Pinworms or Enterobius vermicularis (EN-ter-O-be-us ver-MIK-u-lar-is) Common tiny, white thread-like worms that live in the intestines of people spread mainly by children and found most often in family groups, day-cares centres, schools, and camps. Symptoms include intense scratching in the anal area (especially at night), irritability and trouble sleeping. Severe scratching may also cause a skin infection. The female worms crawl out of the anus at night and lay their eggs on the nearby skin. When an infected person scratches the itchy area, the eggs get stuck on the fingers and under the fingernails. The eggs can then reinfect the infected person or be passed to other people by the hands or objects they touch. The eggs can survive up to 2 weeks on clothing, bedding or other objects. How do you prevent Pinworm infections? Wash your hands frequently particularly after using the bathroom, changing diapers and eating. Wear clean underwear daily and change night clothes and bed sheets frequently and after each treatment. Bathe frequently, avoid scratching and trim fingernails short to reduce the risk of self reinfection. Children may return to child care after the first dose of treatment along with a bath and nail trim. It is easy to treat pinworms ­ talk to your doctor or pharmacist for advice. Roundworms or Toxocariasis (TOX-o-kah-RYE-uh-sis) Roundworm eggs that are passed from the feces of dogs (Toxocara cani) and sometimes cats (Toxocara cati) can cause serious illness in humans. The disease they cause is called Visceral Larva Migrans (VLM).This is a disease of particular risk to children. The eggs are microscopic and can survive for months in fecally contaminated soil. Children pick up the eggs on their fingers when they are playing in the soil/sand. By transferring the eggs to their mouth via their hands the eggs are eventually swallowed. The eggs hatch into worms that migrate through the body into the lungs where they may cause symptoms such as wheezing, coughing, fever and pulmonary infiltration. Sometimes the eggs cause damage by travelling to other body tissues. Someone can also swallow roundworm eggs by eating raw unwashed produce. How do you prevent Roundworm infections? This worm is not passed by person-to-person contact. Always stop a child from eating dirt or sand or putting dirty objects into their mouths. Wash hands after handling soil and before eating. Cover children's sandboxes when not in use, pick up your pet's waste and deworm your pets beginning at 3 weeks of age. Hookworms OR Larva Migrans (LAR-va MIGH-granz) Hookworm is found in humans, dogs and cats. It is more common in tropical and underdeveloped areas where sewage disposal practices allow feces to contaminate the soil. The hookworm eggs will survive in loose, moist soil and hatch to the larval stage. The larvae then penetrate human skin, usually on the foot, producing dermatitis ("ground itch"). The larvae migrate through the bloodstream to the lungs, up the esophagus and are then swallowed into the intestine. The larvae may also be swallowed directly. Larvae become mature worms and lay thousands of eggs per day in the intestine. How do you prevent Hookworm infections? This infection is not passed from person to person. Tropical beach-goers are at greatest risk of acquiring this infection because their bare feet are exposed to soil. Travellers should remember to always wear their shoes. Children are also at risk of swallowing the larvae on unwashed hands that have been in contact with contaminated ground. Be sure to deworm your pets. FOR MORE INFORMATION CONTACT Leeds, Grenville and Lanark District Health Unit 613-345-5685 - 1-800-660-5853 - 613-283-2740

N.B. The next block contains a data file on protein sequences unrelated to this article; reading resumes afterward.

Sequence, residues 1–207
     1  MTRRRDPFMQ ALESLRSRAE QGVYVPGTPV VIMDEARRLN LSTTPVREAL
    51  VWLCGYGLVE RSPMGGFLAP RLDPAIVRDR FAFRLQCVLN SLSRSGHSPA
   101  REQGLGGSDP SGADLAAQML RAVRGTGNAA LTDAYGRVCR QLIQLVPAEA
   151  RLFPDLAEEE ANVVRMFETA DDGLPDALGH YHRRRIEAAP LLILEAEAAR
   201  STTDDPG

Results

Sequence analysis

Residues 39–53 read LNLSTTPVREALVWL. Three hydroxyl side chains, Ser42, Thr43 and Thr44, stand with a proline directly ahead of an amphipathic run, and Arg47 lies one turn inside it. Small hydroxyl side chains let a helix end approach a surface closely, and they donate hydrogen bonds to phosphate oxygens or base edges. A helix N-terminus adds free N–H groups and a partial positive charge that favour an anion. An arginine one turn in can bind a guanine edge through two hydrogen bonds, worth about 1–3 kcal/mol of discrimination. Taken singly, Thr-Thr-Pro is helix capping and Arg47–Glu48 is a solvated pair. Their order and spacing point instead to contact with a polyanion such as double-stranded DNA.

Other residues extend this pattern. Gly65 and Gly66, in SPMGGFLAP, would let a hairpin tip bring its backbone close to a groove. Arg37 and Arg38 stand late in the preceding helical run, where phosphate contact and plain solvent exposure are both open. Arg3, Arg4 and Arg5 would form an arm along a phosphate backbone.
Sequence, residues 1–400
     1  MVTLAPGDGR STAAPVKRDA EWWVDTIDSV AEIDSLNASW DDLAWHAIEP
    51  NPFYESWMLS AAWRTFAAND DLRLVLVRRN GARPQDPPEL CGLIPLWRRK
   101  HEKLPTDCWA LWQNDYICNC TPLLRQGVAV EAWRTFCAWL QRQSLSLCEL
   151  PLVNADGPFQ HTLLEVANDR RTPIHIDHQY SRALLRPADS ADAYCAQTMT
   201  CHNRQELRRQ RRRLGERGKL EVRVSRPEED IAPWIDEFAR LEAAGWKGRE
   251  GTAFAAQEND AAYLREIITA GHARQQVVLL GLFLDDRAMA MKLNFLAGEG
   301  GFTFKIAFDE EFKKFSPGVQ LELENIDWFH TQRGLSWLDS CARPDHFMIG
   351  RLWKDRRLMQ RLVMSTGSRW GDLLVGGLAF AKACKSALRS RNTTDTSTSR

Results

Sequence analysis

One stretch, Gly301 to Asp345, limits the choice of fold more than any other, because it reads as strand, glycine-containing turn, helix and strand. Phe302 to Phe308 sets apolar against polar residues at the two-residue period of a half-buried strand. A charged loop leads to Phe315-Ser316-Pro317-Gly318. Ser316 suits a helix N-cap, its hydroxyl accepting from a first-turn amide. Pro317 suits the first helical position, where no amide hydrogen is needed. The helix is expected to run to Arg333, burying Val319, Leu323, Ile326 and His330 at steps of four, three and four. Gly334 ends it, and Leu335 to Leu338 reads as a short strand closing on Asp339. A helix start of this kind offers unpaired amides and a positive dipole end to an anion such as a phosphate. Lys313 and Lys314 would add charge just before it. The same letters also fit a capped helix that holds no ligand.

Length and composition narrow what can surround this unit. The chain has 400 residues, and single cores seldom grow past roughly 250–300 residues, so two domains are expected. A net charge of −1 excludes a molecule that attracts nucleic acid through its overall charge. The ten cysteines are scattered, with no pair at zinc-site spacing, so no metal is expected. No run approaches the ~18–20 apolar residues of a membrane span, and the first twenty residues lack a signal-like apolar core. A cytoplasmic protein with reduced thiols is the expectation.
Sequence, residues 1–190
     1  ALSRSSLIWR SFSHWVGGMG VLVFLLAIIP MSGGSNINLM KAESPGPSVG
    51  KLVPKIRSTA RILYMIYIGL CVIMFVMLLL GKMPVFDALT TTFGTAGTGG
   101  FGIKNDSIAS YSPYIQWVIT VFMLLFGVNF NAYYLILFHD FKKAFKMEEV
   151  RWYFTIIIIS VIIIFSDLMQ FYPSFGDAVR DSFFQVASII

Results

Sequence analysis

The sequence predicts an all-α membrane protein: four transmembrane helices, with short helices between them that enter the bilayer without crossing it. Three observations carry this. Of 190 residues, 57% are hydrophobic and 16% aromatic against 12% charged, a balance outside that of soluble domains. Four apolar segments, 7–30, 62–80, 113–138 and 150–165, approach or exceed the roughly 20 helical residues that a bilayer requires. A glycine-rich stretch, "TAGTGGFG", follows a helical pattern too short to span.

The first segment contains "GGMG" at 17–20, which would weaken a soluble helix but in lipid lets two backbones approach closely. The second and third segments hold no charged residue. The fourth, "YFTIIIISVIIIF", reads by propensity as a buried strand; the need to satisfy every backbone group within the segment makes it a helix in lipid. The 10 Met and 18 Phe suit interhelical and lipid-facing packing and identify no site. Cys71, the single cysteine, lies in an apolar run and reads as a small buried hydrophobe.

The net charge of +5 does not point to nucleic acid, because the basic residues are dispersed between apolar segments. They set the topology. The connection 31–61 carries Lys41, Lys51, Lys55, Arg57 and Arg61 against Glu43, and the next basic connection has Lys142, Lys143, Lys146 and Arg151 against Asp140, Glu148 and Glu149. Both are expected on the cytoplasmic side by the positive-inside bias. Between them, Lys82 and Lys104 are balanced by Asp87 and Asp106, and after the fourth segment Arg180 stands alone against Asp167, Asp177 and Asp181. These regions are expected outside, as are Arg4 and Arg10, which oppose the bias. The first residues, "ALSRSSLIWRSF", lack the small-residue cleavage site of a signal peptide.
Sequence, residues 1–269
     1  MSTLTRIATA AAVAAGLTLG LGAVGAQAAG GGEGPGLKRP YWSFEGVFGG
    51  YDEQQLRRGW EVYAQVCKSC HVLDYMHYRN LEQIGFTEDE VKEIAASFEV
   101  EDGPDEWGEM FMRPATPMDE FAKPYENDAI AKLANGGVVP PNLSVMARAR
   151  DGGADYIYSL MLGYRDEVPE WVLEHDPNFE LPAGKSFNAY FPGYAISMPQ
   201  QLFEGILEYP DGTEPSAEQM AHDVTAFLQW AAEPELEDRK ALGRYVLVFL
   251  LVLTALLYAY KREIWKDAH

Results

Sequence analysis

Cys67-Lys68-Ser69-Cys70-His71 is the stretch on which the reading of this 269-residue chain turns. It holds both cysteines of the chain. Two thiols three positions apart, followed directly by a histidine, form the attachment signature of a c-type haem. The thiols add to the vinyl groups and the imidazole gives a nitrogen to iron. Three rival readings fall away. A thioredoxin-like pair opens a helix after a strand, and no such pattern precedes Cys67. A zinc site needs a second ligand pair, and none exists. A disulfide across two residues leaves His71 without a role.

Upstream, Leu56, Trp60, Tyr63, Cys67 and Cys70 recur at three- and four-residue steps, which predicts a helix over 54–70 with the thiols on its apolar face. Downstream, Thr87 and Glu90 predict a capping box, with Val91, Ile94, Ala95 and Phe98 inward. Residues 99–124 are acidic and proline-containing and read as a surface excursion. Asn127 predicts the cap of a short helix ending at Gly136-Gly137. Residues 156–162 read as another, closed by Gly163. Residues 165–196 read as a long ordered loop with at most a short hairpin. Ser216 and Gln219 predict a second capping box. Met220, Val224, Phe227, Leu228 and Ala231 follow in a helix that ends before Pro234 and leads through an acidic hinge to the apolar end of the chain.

August 2004



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